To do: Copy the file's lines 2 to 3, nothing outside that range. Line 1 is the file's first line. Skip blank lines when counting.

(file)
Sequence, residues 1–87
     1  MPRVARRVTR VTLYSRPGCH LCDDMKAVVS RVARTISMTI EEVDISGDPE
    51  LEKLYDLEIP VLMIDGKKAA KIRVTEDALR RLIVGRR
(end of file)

     1  MPRVARRVTR VTLYSRPGCH LCDDMKAVVS RVARTISMTI EEVDISGDPE
    51  LEKLYDLEIP VLMIDGKKAA KIRVTEDALR RLIVGRR